Starting next month, the Japanese government is going to try its hand at credential stuffing the country’s Internet of Things (IoT), including gizmos at both the enterprise network level down to citizens’ “oops, never changed the default password!” webcams and everything in between.
Credential stuffing is when attackers grab login credentials that have been breached, then e-wander around plugging them into other places, trying to find out where else those same credentials have been used. Because a lot of users have the bad habit of reusing the same passwords across several websites, the tactic is successful far too often.
The plan: in mid-February, staff at the National Institute of Information and Communications Technology (NICT) will generate user IDs and passwords and use them to try to break into a randomly selected batch of about 200 million IoT devices, such as routers and webcams.
Then, the owners of the breached devices will be told to bolster their cybersecurity.
The aim is to shrink the surface area available to attackers in the run-up to the Tokyo Olympics and Paralympics in 2020. That’s not a bad idea: after all, some systems went down around the time of the opening ceremony for the Winter Olympics in Pyeongchang, South Korea, last year.
We never did hear exactly what happened with the Winter Olympics 2018 incident, though some US intelligence operators reportedly blamed Russia, which, they said, tried to make it look like North Korea did it.
While the goal is to clean up for the Olympics, the collateral will be, hopefully, far greater security in general. The NICT has reported that IoT devices are at the heart of a large number – 54% – of the cyber attacks it detected in 2017.
Little devices add up to brawny botnets
IoT devices might seem like small potatoes, computing-wise, but they can be corralled into swarms that can do a lot of damage.
The FBI believes that Russia was behind a giant-sized IoT botnet known as VPNFilter that sprung up in May 2018. The bureau believes that VPNFilter was created by the Russian Fancy Bear group, also known as Sofacy Group or apt28, among other names.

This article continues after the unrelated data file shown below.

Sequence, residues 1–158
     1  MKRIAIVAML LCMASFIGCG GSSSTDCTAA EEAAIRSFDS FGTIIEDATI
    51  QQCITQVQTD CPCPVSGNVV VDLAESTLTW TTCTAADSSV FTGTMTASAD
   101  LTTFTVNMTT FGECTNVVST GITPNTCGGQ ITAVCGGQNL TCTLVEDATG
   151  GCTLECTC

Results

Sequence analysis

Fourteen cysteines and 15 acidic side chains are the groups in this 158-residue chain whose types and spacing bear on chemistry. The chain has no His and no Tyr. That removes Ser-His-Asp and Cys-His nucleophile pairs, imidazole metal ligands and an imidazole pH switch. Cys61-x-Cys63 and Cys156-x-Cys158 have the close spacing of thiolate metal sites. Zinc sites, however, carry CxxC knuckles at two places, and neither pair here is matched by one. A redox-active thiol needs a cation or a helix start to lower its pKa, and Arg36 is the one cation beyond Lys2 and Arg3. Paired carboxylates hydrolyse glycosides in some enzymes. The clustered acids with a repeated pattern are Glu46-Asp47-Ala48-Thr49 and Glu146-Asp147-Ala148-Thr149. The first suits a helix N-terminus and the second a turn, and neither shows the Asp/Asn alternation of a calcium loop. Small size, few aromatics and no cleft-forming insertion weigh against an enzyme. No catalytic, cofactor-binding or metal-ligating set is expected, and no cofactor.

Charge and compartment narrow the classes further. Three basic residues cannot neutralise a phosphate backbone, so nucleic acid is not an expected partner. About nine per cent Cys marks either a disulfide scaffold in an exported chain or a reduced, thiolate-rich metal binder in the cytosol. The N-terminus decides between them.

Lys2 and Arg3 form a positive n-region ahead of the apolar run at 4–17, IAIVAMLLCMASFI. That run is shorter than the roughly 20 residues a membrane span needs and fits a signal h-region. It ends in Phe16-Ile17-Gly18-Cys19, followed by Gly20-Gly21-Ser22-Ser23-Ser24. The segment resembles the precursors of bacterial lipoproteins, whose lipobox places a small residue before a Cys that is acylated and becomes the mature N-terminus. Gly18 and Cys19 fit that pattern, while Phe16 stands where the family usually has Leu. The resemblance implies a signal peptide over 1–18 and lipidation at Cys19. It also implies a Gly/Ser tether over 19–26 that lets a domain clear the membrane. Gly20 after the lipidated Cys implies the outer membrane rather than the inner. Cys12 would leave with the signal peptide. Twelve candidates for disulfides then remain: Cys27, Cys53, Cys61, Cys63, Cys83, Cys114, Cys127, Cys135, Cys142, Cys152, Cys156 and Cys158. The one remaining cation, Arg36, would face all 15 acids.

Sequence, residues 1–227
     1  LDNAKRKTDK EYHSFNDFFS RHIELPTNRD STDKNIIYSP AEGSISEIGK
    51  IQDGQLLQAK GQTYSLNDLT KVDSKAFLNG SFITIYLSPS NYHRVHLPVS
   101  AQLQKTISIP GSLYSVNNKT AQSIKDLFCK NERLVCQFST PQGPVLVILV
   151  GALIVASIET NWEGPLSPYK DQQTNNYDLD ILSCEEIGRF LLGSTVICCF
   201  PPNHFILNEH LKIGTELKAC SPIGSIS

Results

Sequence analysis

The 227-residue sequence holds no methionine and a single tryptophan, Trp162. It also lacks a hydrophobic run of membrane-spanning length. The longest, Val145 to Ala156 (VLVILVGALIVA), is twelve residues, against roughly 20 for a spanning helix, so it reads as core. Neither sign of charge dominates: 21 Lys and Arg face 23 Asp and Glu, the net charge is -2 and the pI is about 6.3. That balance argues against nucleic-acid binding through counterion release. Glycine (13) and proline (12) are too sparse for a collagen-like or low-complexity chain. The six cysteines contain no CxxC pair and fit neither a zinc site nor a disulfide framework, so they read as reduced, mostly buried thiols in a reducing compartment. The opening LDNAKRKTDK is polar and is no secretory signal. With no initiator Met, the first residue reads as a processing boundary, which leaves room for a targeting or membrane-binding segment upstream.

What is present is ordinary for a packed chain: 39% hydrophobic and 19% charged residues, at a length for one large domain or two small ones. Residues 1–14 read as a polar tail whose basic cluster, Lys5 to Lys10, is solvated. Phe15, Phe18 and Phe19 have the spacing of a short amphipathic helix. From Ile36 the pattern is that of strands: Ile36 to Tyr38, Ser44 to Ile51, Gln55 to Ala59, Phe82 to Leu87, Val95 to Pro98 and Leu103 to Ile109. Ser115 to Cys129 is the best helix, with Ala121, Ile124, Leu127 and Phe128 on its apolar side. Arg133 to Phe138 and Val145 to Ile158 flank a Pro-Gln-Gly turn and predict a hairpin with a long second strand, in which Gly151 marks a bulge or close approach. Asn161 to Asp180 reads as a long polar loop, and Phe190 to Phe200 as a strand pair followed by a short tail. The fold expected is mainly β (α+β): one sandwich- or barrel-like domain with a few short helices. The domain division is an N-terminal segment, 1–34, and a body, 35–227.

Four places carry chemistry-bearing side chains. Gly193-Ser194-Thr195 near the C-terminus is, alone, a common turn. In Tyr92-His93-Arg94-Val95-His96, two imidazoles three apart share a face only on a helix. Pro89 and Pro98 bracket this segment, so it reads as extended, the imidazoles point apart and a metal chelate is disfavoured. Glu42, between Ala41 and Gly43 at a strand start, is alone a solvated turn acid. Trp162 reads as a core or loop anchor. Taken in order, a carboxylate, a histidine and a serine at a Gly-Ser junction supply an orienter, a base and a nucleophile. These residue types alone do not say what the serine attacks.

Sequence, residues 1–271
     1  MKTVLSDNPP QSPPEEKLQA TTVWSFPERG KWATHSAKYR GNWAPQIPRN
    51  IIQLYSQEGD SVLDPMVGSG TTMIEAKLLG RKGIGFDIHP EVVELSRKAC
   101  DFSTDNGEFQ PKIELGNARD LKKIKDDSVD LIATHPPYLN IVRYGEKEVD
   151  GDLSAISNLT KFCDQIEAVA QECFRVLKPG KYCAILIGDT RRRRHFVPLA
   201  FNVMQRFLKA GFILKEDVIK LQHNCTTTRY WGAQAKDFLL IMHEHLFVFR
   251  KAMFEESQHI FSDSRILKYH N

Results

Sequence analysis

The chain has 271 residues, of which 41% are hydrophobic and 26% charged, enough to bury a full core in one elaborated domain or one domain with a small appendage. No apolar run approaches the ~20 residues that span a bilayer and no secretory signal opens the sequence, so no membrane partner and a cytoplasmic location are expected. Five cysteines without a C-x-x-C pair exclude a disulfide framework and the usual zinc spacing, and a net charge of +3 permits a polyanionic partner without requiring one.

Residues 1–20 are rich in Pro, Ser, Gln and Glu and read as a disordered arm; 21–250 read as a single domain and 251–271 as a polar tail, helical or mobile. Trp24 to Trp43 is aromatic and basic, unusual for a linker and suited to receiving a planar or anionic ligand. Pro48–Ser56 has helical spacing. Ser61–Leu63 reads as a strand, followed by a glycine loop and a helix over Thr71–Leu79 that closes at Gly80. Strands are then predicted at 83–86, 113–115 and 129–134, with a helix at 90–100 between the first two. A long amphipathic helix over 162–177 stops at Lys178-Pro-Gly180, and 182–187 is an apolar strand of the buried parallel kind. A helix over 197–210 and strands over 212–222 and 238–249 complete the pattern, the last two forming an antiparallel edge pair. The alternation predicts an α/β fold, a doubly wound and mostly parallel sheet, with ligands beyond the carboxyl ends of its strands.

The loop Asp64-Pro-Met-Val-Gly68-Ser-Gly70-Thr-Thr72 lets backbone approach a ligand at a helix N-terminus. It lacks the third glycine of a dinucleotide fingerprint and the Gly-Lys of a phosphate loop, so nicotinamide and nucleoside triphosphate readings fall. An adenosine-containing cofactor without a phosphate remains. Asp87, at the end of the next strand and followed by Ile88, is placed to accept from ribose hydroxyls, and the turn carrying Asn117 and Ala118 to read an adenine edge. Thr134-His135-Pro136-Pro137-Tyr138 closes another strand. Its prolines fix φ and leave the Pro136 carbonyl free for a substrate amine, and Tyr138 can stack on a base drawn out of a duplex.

At the time, more than 500,000 devices around the world were believed to have been infected with the malware, most of them consumer internet routers from a range of different vendors.
More recently, a Bay Area family was terrorized when their IoT Nest security camera got hijacked by an attacker who used it to broadcast a fake warning about three incoming intercontinental ballistic missiles (ICBM) launched from North Korea.
Unfortunately, just as it’s far too common for people to reuse passwords or fail to change their IoT devices’ default passwords, so too is it common, and easy as pie for researchers and creeps alike, to use a search engine like Shodan, which roams the web looking for the unsecured devices.
By wandering the internet to find vulnerable devices, the Japanese government isn’t doing anything particularly novel. It well might feel like Big Brother is prying into its citizens’ webcams or other IoT devices, because, well, it is. But it’s not doing anything that security researchers or ne’er-do-wells aren’t also doing.
How to keep everyone out of your IoT
Whether or not a government should take such things upon itself is a discussion worth having. But in the short term, the news should be a call to arms for us all, be we Japanese or citizens from any other nation, to lock down our devices.
After all, the NICT researchers could well stumble upon citizens’ webcam images or stored data, as pointed out by Institute of Information Security professor Harumichi Yuasa.
Yuasa said that if device owners’ identities are revealed in the survey, it would be a violation of their constitutional right to privacy. The institute says any data it finds will be kept private, and that the institute will ensure that no data is leaked.
There’s no reason to doubt those promises, but let’s face it, data leaks. Why take the chance? Nobody should wait until the NICT, or hackers, or security researchers, come knocking on their IoT devices. Instead, we should all think about taking these steps to lock them down:
- Learn how to secure a baby monitor or other IP cameras.
- Don’t reuse passwords. Instead, use unique, hard-to-guess passwords for every online service and site.
- If you can only remember one strong password, try a password manager.
- Use (2SV), also known as multiple- or two-factor authentication (MFA or multi-factor authentication (MFA) whenever possible. It ain’t perfect, but it ain’t too shabby, particularly if you can opt for the most secure option: a FIDO U2F (or the more recent FIDO2) hardware token such as the YubiKey.